The US-headquartered harbour and coastal towage group is taking the lead in reducing emissions and offsetting carbon from its operations
Seacor Holdings will join a carbon offset project to neutralise carbon emissions from the physical operation of its harbour tugs.
The project will help Seacor’s subsidiary Seabulk Towing Holdings lower its environmental impact by offsetting emissions from harbour tugs operating throughout Florida, Alabama, Louisiana and Texas.
Seabulk chief executive Daniel Thorogood said investment in green projects is part of the tug owner’s way of supporting its customers that “prefer lower carbon supply-chain solutions”.
Seabulk, through its affiliates, currently provides around 22,000 harbour assists each year in US ports.
“Our investment in an accredited carbon offset programme demonstrates Seabulk’s commitment through this initial step toward longer-term solutions that improve or eliminate direct emissions from our equipment,” said Mr Thorogood.
Seabulk has a longer-term plan to reduce emissions from harbour and deepsea towage operations. It has four new harbour tugs on order from Alabama-based Master Boat Builders for delivery in H2 2021 and 2022.
Seabulk said these tugs combined will provide 70% reductions in nitrogen oxides (NOx) and particulate matter, compared to the tugs being replaced. Two will have hybrid propulsion systems with diesel-mechanical engines and electric motors, improving fuel economy relative to conventional diesel-mechanical harbour tugs. Master Boat Builders is building these two azimuth stern drive tugs with space for future battery installation.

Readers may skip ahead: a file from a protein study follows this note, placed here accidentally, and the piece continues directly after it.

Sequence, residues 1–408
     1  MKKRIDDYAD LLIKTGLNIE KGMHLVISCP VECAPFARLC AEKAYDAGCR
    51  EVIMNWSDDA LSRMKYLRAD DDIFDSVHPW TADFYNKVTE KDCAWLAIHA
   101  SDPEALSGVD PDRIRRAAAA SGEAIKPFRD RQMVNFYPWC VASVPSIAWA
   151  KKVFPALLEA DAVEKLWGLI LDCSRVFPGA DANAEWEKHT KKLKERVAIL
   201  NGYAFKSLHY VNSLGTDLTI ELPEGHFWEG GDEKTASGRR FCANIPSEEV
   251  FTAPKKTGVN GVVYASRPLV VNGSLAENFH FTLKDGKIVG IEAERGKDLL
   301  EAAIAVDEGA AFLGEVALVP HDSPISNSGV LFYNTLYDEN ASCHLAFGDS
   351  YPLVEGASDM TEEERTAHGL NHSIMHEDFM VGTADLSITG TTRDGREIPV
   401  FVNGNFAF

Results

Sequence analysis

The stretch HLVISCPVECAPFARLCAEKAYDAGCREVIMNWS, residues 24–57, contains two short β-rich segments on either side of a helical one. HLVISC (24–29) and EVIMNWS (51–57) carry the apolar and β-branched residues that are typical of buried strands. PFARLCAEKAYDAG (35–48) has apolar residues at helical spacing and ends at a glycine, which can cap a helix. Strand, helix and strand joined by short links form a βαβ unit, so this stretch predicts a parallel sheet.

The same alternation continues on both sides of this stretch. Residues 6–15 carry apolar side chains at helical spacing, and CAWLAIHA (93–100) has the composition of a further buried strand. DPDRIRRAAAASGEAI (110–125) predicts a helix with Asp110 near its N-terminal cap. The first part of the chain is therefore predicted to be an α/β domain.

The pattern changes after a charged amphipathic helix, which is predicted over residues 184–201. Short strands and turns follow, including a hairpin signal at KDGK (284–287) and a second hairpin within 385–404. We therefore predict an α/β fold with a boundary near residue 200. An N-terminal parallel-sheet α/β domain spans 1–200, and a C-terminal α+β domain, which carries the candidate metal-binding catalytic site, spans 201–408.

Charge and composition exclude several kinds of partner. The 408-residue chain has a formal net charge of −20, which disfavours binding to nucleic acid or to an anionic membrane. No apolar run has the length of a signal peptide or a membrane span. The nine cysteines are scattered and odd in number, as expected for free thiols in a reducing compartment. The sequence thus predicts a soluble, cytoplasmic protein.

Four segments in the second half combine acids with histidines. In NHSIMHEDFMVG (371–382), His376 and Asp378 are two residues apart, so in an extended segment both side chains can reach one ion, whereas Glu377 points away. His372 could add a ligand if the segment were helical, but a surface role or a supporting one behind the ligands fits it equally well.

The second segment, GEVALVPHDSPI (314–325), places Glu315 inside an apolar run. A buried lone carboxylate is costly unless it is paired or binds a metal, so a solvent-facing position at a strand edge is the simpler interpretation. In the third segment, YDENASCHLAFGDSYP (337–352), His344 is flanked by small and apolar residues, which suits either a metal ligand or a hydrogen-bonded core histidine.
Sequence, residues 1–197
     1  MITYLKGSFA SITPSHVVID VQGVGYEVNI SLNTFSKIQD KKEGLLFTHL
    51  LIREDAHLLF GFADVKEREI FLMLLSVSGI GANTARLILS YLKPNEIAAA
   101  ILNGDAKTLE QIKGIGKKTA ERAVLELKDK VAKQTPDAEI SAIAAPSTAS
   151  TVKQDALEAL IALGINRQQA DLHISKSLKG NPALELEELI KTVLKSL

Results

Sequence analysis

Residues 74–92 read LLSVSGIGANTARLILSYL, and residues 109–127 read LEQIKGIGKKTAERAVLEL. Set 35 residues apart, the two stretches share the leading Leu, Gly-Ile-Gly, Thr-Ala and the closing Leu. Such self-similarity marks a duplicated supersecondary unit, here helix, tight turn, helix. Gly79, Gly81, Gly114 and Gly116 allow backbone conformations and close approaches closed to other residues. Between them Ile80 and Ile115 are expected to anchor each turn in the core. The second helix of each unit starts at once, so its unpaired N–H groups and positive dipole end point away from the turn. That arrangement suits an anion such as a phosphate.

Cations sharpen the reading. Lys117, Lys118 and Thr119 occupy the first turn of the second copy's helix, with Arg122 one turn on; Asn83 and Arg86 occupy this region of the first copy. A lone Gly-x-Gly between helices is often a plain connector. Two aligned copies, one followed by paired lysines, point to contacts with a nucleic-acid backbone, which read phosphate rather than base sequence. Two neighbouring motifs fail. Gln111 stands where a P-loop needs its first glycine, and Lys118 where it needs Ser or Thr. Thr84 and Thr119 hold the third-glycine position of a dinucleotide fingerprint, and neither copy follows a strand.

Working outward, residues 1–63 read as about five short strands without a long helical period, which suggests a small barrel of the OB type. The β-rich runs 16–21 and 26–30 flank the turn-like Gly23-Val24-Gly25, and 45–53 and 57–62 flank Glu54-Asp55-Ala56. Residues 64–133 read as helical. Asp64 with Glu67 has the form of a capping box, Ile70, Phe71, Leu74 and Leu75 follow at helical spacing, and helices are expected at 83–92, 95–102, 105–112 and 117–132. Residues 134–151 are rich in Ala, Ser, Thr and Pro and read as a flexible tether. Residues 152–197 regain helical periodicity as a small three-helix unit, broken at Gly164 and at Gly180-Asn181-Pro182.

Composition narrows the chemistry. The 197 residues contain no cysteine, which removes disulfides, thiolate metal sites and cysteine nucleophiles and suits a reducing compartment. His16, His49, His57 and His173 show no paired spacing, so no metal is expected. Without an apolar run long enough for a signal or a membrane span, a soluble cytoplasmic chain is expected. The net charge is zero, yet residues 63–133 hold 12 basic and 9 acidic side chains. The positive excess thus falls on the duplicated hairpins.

The other two harbour tugs it is building for Seabulk will be built as advanced Rotortugs with NOx capturing technology.
“At Seabulk, we are focused on reducing our environmental footprint with all available tools, including innovations that improve operational efficiencies and investing in the cleanest technologies, such as our four new harbour tugs,” said Mr Thorogood.
Seabulk is also reducing emissions from its deepsea vessel operations under its subsidiary Ocean Transportation & Logistics Services.
Mr Thorogood said these vessels “offer some of the most fuel-efficient Jones Act transportation solutions in the US coastal petroleum and chemical products trades.”
Seabulk operates a fleet of 27 vessels. It provides towage services in seven ports in the US Gulf and Florida and provides offshore towing for short- and long-term project requirements.
Seabulk is also a partner in Kotug Seabulk Maritime Services, which provides towage services to ships in the Buckeye Bahamas Hub Terminal on Grand Bahama island.